Parents: Tips On What To Do Before You Start Writing Your Book

You‘ve finally decided to write the book that you have put on the back burner for years! Wonderful!

Here are a few tips to help you get started.

  1. Develop your idea.

In the book, The Idea: The 7 Elements of a Viable Story for Screen, Stage or Fiction¹, Eric Bork says that one of the biggest mistakes that writers make is that they do not take the time to develop their idea before they start writing.

Here are some notes I took after listening to his audio book on Google Play. Your idea will be so much stronger if you incorporate all of these elements.

  1. Whose story is it (meaning who is the protagonist) and why should the reader identify with them?
  2. What do they want in their life, their circumstances and relationships?
  3. What is in the way of them achieving that?
  4. What are they doing to try to resolve this? What makes it so hard?
  5. Why should it matter deeply to them and hopefully to us the reader?

Eric Bork says that 60% of the time should be devoted to the development of the idea, 30% should be in the structure of the story and 10% should be in the writing.

2. Write a fabulous premise.  Include these 3 points.(Notes taken from The Idea by Eric Bork)

a) Who is the character?

b) What is the catalyst that launches the story and the nature of the mission?

c) What is the huge difficulty and importance of accomplishing the mission?

Not sure what a premise is?

  • A premise is your story condensed in one sentence.
  • This is what editors look at to decide if they want to read your manuscript.
  • Write your premise before you start writing your book. It is not that easy to do. However, if you take the time to get it right you’ll have laser focus on the story line.

Here are some examples. These examples are taken from page 17, Chapter 2, The Anatomy of Story: 22 Steps to Becoming a Master Storyteller² by John Truby.

  1. The Godfather: The youngest son of a Mafia family takes revenge on the men who shot his father and becomes the new Godfather.
  2. Moonstruck: While her fiancé visits his mother in Italy, a woman falls in love with the man’s brother.
  3. Star Wars: When a princess falls in mortal danger, a young man uses his skills as a fighter to save her life and defeat the evil forces of a galactic empire.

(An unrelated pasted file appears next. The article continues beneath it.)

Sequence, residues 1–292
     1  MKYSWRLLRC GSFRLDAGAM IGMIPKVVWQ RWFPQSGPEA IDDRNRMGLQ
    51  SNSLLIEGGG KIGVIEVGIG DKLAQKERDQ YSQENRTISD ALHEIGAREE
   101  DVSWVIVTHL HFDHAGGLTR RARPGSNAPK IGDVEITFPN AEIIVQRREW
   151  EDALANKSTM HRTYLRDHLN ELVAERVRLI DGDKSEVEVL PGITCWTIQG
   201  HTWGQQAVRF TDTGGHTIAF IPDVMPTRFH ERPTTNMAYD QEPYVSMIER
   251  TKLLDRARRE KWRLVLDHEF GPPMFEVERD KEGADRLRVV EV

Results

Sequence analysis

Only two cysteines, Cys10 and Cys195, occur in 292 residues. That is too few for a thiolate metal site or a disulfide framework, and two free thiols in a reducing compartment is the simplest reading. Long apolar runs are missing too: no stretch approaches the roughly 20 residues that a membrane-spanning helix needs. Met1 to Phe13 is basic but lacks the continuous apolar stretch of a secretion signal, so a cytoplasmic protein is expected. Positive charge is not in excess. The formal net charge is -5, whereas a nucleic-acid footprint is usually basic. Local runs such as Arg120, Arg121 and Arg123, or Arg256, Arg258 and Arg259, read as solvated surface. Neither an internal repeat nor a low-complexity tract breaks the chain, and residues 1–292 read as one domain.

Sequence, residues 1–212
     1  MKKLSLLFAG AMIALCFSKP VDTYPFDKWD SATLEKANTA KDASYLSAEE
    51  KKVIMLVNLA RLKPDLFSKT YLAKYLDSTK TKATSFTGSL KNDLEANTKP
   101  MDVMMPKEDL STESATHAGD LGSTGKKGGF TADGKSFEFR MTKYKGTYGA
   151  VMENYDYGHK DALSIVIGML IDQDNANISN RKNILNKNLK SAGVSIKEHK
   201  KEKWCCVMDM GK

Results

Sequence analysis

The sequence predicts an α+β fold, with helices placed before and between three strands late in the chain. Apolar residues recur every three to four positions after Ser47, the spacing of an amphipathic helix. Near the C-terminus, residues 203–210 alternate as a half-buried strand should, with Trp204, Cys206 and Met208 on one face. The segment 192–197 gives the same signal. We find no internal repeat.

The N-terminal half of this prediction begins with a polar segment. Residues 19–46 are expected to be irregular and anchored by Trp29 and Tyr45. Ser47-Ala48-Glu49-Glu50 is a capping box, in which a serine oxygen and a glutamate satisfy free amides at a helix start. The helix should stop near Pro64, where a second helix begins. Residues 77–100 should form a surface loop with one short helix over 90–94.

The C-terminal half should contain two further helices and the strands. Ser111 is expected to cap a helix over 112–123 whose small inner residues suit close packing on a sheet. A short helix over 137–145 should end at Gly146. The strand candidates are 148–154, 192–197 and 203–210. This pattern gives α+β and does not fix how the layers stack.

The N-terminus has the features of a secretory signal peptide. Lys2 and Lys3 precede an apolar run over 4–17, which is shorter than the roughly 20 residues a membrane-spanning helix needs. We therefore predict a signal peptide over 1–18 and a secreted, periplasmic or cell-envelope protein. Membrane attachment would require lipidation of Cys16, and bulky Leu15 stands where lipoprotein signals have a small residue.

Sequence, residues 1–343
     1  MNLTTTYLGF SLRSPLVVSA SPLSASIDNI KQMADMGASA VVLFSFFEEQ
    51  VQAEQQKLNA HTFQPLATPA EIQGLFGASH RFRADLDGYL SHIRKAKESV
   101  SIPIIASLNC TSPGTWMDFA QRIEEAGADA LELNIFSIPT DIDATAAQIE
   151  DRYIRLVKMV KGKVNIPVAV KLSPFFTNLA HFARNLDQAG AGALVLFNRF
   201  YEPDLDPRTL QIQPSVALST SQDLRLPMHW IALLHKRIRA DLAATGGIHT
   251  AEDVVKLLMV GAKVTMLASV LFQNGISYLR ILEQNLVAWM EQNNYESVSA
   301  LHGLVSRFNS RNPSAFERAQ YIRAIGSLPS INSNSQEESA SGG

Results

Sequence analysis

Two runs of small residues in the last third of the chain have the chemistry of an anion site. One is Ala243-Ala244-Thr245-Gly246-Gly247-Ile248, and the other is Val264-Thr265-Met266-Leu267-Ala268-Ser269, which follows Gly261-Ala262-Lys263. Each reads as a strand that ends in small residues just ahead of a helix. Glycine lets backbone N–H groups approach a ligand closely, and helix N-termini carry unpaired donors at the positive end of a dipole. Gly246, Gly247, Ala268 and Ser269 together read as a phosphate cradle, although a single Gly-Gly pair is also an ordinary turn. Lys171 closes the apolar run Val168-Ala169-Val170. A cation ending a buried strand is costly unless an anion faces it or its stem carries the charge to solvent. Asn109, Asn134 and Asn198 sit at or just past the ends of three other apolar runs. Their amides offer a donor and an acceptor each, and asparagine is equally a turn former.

3. Study what makes a good story.

  • Invest the time in learning what makes a good story.
  • John Truby believes that good storytelling can be taught. I recommend reading John Truby presents The Anatomy of Story: 22 Steps to Becoming a Master Storyteller². It is a book you can use whether you are writing a short story, a novel, or a screen play.
  • Outline the structure and elements of your story before you put pen to paper. It is like having a road map to a destination that you can’t wait to arrive at. It makes it so much easier to navigate.

4. Write to captivate your audience so that they won’t want to put your book down.

  • Read Wired for Story ³ by Lisa Cron. It teaches you how the brain is bewitched by a certain way of writing.  It is available in audiobook on Google Play.
  • Another book I like is Hypnotic Writing ⁴ by Joe Vitale. Imagine using words that captivate your reader to keep reading your book! Wonderful! It is also available in audiobook on Google Play.

Happy Writing!

Links to books I recommend:

  1. Bork, Eric, The Idea: The 7 Elements of a Viable Story for Screen Play Stage or Fiction,
  2. Truby, John, John Truby presents : The Anatomy of Story-22 Steps to Becoming a Master Storyteller,
  3. Cron, Lisa, Wired for Story,
  4. Vitale, Joe,  Hypnotic Writing,

N.B. Thank you to  nick-morrison-FHnnjk1Yj7Y-unsplash.jpg for the picture.


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